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49 Cards in this Set

  • Front
  • Back
What does lactose come from?
Dairy products
What is lactose converted to and what enzyme does this?
Lactose is converted to glucose and galactose by LACTASE
In what type of people is lactase deficiency common?
Asian and people of African decsent
Which steps of glycolysis are irreversible?
Glucokinase/hexokinase………… PFK-1 ….Pryuvate kinase
Where does the conversion f lactose to glucose and galactose take place?
Lactase is in the intestine and thus it takes place in the intestine
What is the first step in the metabolism of galactose?
As with other sugars, it must be phosphorylated in order to keep in inside the cell. This is done by GALACTOKINASE and the product is galactose 1-P
After galactose is converted to galactose 1-P, what is the next step in galactose metabolism?
Galactose 1-P is converted to glucose 1-P by GAL 1-p uridyl transferase (it is one of only 2 significant enzymes in galactose metabolism, just remember that this is the one other than galactokinase)
What happens to glucose 1-P?
Glucose 1-P is converted to Glucose 6-P and go through glycolysis or it can for glycogen stores
In which enzymes of galactose metabolism do deficiencies exist?
Deficiencies exist in galactokinase and Ga1-P uridyl transferase……both of the important enzymes of galactose metabolism
What happens in a galactokinase deficiency?
Galactose does not get phosphorylated and trapped in the cell and thus it accumulates in the blood and thus will cause galactosurea and cataracts due to lens swelling
What enzyme is responsible for the buildup of galactose products in the lens?
Aldose reductase
What is the product of aldose reductase action on galactose?
Galactitol concentration build up in the lens of the eye and causes swelling and cataracts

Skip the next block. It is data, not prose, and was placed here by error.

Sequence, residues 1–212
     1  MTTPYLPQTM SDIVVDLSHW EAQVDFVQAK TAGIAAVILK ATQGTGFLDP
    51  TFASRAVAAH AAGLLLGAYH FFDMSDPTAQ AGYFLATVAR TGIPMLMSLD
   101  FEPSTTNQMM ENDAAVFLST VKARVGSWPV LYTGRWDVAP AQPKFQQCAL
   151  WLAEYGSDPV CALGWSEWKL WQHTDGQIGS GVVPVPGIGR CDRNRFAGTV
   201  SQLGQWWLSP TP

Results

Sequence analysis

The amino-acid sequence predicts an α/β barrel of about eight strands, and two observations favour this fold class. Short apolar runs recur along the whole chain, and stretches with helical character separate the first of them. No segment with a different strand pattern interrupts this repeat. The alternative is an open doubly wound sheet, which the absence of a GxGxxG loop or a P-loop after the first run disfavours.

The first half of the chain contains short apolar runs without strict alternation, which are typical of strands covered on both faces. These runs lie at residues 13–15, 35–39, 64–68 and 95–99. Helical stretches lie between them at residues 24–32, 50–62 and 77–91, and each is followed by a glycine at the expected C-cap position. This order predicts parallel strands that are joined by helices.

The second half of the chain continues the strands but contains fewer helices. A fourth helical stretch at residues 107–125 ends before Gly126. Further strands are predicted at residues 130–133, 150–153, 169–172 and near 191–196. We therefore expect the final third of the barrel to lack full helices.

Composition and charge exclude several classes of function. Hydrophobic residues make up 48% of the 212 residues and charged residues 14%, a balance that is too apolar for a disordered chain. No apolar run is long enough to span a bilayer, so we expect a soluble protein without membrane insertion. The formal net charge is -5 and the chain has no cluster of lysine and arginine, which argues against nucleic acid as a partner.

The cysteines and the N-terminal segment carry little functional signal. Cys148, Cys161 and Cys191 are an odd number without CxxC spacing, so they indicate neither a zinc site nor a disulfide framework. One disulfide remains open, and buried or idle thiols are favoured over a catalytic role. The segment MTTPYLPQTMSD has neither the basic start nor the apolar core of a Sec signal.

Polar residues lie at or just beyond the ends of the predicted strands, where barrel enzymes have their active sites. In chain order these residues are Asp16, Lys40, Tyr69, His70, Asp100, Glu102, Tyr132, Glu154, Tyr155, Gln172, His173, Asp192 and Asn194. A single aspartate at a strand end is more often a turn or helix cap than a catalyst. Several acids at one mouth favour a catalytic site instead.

Why do diabetics get cataracts?
Diabetics have increased glucose in the blood, and in the same way that it converts galactose to galactitol, it also converts glucose to sorbitol
What is the clinical presentation of someone with a deficiency in Gal 1P uridyl transferase?
They will also have cataracts, but because they are able to form galactose 1-P the galactose will be able to accumulate in the cells and thus there will be cell damage resulting in many more and severe symptoms. Symptoms in addition to cataracts include liver damage leading to hyperbilirubinemia, mental retardation, lethargy and vomiting and diarrhea following lactose ingestion
What is the treatment for someone with a galactose metabolism enzyme deficiency?
Totally restrict any products containing glactose. Therefore totally restrict all dairy products.
What is regular table sugar?
What is administered during hypoglycemia and what is the result?
Galactose is administered during hypoglycemia and this induces an increase in blood glucose.
Where does the breakdown of sucrose occur and what does it produce?
The breakdown occurs by the enzyme sucrase which is in the intesting. The breakdown of sucrose results in glucose and fructose
What is the first step in the metabolism of fructose?
As with other sugars it is the conversion of fructose to fructose 1P by fructokinase
What are the main cells that fructose is used in?
Liver and kidney cells
What happens to fructose 1P?
It is converted to intermediates of glycolysis, DHAP and Glyceraldehyde by ALDOLASE B (glyceraldehydes is then phosphorylated to glyceraldehydes 3P)
What Happens to glyceraldehyde?
It is phosphorlyated to glyceraldehydes 3P and can be used in glycolysis, glycogenesis, or gluconeogenesis
How is a fructokinase difieiency differentiated from galactokinase deficiency?
In fructokinase deficiency, there are no cataracts .... Because fructokinase can be phosphorylated by other enzymes it is a very benign disease